Reports of hate crimes have soared by 400% since the UK voted to leave the EU on 23 June, according to new figures released by the police. The National Police Chiefs' Council (NPCC), which runs the True Vision online reporting website, said in the week since last Thursday's vote they had received 331 hate crime allegations compared with the usual average of 63.

NPCC Chairwoman Sara Thornton urged caution between linking the apparent surge of hate crimes to the referendum, saying it was hard to prove any direct connection. She also said one reason for the rise in reports may be down to the fact that people were more aware of hate crimes due to the number of reports circulating in the media and online.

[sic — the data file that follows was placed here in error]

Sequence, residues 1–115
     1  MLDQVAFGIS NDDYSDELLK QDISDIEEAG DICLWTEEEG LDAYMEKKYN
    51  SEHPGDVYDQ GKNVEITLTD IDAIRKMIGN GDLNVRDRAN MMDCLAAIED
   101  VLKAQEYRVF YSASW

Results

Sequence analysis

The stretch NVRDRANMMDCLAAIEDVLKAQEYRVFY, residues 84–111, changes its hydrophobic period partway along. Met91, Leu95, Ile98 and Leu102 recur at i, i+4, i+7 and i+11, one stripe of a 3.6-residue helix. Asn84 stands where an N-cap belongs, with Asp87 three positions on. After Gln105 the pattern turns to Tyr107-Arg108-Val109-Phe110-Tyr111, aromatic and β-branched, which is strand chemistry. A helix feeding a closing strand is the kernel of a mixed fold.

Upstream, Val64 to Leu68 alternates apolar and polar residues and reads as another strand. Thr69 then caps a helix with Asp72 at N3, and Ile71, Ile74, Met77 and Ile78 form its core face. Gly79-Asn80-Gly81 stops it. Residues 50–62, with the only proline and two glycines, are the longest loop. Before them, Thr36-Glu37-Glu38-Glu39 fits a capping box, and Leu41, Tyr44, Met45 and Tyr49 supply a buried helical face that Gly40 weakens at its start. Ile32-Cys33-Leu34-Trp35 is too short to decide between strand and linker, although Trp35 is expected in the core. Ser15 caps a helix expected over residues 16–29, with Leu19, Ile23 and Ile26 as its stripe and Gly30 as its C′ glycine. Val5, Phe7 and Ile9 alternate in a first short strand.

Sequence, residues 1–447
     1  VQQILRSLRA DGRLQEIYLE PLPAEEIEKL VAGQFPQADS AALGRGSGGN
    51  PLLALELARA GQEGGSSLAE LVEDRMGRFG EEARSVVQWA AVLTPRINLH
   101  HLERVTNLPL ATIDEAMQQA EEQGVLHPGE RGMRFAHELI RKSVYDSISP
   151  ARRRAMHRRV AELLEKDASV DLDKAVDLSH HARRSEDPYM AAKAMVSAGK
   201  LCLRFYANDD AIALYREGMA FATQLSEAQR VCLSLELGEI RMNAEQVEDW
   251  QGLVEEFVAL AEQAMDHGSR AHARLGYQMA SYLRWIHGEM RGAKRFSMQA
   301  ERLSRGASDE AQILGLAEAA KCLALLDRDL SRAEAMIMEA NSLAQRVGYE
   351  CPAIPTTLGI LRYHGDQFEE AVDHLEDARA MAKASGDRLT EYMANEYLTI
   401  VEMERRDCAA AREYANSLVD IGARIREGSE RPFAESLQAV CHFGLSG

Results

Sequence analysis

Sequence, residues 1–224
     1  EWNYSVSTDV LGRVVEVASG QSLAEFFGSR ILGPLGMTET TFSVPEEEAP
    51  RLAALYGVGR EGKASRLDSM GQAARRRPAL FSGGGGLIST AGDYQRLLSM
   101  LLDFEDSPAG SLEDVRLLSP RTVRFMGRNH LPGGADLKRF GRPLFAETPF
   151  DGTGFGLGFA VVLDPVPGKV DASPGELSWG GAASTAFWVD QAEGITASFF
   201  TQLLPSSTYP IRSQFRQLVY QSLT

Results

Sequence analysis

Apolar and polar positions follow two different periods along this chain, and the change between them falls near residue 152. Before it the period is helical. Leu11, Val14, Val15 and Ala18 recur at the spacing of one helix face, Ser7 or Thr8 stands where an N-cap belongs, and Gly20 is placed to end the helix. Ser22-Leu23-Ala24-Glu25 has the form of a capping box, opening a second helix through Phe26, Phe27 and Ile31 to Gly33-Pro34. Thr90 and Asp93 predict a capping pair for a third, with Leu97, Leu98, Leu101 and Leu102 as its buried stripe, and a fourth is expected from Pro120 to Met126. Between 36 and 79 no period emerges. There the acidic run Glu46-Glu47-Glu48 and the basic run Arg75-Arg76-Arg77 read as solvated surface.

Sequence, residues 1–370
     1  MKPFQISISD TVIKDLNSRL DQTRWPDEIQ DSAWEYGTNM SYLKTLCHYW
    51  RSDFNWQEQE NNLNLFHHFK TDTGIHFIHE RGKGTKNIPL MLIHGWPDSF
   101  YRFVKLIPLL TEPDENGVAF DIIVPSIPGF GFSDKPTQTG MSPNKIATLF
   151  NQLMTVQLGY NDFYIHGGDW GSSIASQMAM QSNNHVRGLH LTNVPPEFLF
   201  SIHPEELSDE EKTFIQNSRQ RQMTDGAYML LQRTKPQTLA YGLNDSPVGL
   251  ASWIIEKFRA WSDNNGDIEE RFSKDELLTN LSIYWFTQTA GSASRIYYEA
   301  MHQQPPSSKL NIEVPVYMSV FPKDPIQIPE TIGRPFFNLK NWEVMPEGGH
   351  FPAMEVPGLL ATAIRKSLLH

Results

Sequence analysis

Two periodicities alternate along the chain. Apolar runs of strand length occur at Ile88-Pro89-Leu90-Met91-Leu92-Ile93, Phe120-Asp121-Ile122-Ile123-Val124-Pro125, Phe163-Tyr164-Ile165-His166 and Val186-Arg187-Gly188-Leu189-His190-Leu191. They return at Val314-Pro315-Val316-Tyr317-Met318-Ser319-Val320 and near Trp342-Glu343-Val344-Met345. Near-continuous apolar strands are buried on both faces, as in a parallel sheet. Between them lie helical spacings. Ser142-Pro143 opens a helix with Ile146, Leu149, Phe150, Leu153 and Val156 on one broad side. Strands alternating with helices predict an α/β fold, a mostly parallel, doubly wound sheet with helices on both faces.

"It is important to remember that this [website] is only one reporting mechanism and extensive focus on this issue in the last few days will have influenced these numbers by making hate crime and the site more visible and encouraging people to report," said Thornton. "We also cannot determine how many of the reports are linked to the referendum."

Thornton condemned those responsible for a number of incidents including physical abuse, racist graffiti and anti-migrant leafleting. The police would investigate every claim, she said, and those affected should report any incidents and not "suffer in silence." One way to report hate crime is to visit the True Vision website.

A number of incidents have been reported widely in the media including the spray-painting of a Polish community centre, vandalism of German cars and anti-Polish leafleting. There have also been a number of videos posted online which appear to show racist attacks, usually verbal. Many people – not just immigrants but also Britons perceived as being from a "different" heritage – are using the #PostRefRacism hashtag to report and publicise incidents.